Ebola, the terrifying virus

The Ebola virus was first discovered in 1976 near the Ebola River in the Democratic Republic of Congo. Since then, the virus has been responsible for occasional outbreaks in human and primates in many African countries. Between 1976 and 2013, the world health organisation reported 24 human outbreaks of the disease with 1.600 deaths in total, but the largest outbreak occurred between 2013 and 2016 and was responsible for over 11.000 deaths. The disease is rare but very severe, often causing fever, sore throat, body aches, vomit, diarrhoea and sometimes bleeding inside and outside the body, with death occurring in 50% of the human infected. Scientist think that the Ebola virus may be carried by bats, because these animals don’t die of the disease. It is believed that humans get infected by contact with the infected animal’s body fluids, either directly from bats or during consumption of nonhuman primates. The virus spreads through human-to-human contact and it is also possible via blood or the body fluids of the infected person.

Coronaviruses repeated stories

Recent history also showed us how coronaviruses can jump from animals to cause a large number of human deaths. Coronaviruses are a large family of viruses known to exist for over 10.000 years. Its name derives from the latin word “corona”, that means crown due to the presence of crown-like spikes in their surface.

Coronaviruses are responsible for respiratory and intestinal diseases in mammals and birds, but the symptoms vary according to the host animal and the type of virus. For instance, in chickens, coronavirus attacks the respiratory and urogenital tracts, whilst in dogs, cats, ferret, rabbits, turkeys, pigs and cows the virus tends to affect the animal’s intestine leading to diarrhoea.

Humans, can only be infected by seven types of coronaviruses. Four of these are very common and responsible for mild respiratory infections with symptoms similar to the ones observed with a cold, but the remaining three viruses can lead to serious and sometimes lethal respiratory infections, such as pneumonia. These include the viruses responsible for the Severe Acute Respiratory Syndrome (SARS), the Middle East Respiratory Syndrome (MERS) and the most recent outbreak in China in 2019-2020 (Covid-19).

SARS was first identified in Southern China during the outbreak of the disease in 2003. Scientists believe that bats are the reservoir of the virus and that the disease was transmitted to humans through consumption of civet cats meat infected by the bats. Once in humans, the disease can spread from person to person. By the end of the outbreak, over 8000 people have been infected and approximately 10% of those died (774 people). Fortunately, no cases of SARS have been reported since 2004.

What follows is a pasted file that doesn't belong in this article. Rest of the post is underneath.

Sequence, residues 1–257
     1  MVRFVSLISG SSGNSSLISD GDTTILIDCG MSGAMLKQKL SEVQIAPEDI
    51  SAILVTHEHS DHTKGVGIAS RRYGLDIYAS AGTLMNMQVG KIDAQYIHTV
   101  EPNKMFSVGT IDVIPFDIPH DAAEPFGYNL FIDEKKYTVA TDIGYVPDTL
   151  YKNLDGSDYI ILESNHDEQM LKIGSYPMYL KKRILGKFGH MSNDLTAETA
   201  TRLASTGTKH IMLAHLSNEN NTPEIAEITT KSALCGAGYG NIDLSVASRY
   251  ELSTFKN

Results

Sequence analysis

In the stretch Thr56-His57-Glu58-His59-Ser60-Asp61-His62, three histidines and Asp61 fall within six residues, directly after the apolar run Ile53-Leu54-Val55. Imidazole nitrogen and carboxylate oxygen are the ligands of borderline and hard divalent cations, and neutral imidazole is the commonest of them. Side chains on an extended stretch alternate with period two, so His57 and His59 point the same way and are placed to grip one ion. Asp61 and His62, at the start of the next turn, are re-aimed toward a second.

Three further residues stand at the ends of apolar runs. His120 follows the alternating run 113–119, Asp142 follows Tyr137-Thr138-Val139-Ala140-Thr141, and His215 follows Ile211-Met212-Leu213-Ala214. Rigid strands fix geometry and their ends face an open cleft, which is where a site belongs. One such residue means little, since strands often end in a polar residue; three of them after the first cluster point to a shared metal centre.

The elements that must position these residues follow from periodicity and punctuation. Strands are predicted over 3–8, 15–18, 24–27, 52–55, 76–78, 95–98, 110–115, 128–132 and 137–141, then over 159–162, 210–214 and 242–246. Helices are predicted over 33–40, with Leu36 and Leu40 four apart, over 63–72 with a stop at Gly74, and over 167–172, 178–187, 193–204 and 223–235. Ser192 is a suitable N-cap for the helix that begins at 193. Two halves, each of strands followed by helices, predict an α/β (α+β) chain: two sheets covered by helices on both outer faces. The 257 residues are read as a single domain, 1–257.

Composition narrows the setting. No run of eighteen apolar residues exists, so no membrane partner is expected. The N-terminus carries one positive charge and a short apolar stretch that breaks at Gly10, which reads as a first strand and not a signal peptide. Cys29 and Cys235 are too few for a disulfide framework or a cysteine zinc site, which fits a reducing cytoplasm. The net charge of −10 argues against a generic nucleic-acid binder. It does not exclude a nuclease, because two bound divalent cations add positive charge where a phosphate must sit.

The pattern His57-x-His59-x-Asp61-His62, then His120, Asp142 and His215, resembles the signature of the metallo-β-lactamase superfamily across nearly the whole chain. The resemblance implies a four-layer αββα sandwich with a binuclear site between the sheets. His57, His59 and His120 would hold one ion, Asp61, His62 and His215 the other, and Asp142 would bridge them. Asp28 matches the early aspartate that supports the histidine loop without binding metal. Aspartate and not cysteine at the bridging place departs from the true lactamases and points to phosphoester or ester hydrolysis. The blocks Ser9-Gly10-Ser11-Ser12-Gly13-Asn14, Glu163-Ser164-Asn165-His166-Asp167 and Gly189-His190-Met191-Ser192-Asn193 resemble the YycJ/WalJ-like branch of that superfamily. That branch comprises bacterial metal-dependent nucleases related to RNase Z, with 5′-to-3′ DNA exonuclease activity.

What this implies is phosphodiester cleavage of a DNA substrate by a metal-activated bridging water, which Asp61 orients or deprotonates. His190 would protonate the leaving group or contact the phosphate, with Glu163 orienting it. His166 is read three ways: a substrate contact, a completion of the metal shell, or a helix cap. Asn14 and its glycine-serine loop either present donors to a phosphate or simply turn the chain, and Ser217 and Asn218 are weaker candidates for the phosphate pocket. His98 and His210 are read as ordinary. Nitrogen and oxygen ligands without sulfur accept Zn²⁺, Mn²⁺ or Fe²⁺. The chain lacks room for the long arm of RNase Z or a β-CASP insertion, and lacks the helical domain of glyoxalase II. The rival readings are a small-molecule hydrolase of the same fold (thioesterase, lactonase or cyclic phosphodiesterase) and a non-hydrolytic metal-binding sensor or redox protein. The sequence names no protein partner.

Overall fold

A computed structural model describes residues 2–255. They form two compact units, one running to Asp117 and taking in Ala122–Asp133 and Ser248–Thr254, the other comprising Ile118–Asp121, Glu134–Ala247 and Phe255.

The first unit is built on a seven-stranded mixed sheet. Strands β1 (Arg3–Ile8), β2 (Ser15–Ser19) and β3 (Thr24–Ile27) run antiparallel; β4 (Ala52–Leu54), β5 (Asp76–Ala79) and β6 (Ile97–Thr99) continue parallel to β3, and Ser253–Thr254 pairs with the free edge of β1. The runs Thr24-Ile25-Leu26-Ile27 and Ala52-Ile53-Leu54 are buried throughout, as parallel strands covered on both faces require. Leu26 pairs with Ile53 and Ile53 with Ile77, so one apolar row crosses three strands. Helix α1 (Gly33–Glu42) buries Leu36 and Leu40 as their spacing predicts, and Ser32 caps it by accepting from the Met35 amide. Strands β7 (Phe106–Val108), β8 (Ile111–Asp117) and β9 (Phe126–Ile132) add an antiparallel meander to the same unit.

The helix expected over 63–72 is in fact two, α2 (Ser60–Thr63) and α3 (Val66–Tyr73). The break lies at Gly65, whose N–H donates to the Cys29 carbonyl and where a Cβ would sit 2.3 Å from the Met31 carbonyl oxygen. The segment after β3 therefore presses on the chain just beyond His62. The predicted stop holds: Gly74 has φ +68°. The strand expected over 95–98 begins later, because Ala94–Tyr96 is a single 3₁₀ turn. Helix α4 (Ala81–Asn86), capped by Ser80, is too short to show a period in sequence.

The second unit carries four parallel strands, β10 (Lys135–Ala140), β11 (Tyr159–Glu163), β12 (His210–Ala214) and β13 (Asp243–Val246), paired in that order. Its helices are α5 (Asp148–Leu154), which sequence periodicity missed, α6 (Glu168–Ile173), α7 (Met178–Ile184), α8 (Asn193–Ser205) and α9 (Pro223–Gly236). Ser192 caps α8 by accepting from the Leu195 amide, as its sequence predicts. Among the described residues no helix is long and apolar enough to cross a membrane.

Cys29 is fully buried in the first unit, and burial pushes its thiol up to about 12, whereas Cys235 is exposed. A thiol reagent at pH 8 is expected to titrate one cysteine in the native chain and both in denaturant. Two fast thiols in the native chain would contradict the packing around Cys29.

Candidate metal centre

MERS was reported for the first time in 2012 in Saudi Arabia. It is known that the virus was firstly transmitted to humans by dromedary camels in the earlier 2010s, possibly during consumption of camel meat. This virus has also been found in bats and is believed that it may have infected camels in Africa in the 1990s. Even though the possibility of human to human transmission is very low, the mortality of the disease is quite high standing above 35%. So far, MERS killed 858 out of the 2494 reported cases since it appeared in 2012.

Very recently a new outbreak of coronavirus has emerged in Wuhan, China (Covid-19). Similarly to SARS and MERS, this infection is also responsible for severe acute respiratory infection that can lead to either mild or severe symptoms such as pneumonia, kidney failure and death. Since this is a very recent virus, not much is known about it yet. To date scientists haven’t yet identified which animal the reservoir for the virus is, however, it appears that the contamination to humans may have occurred in a wildlife market, possible during consumption of wild animals. Despite the fact that the rate of transmission between humans is high, the mortality rate seems low. So far, the disease has spread within China and other countries around the world and an international effort is being made to control the spread of the disease.

When human viruses infect animals?

Sometimes viruses can jump the opposite way. There are also examples of human viruses that alter and adapt to infect animals. This is the case of the human respiratory syncytial virus (HRSV) and the human metapneumovirus (HMPV) that have jumped from humans to chimpanzees. It is believed that this has occurred between 1999 and 2006 in West Africa possibly through tourists visiting the area. Whilst these viruses rarely cause severe disease in healthy adult humans, they are responsible for outbreaks of respiratory diseases among African chimpanzees leading to the death of entire populations.

Why are animal-derived outbreaks getting more frequent?

The fast-growing world population and the development of large metropolis are incentives to the expansion of wildlife trade, which favoured diseases to spill over from animals to humans. Additionally, environment and climate changes are shifting animal habitats, altering their life-styles, their geographic locations and their eating habits (who eat whom). Finally, in an era of international travel means that diseases can spread very quickly.

But a question remains. In a world more vulnerable than ever to new animal-borne diseases, what do you think can be done to prevent future outbreaks?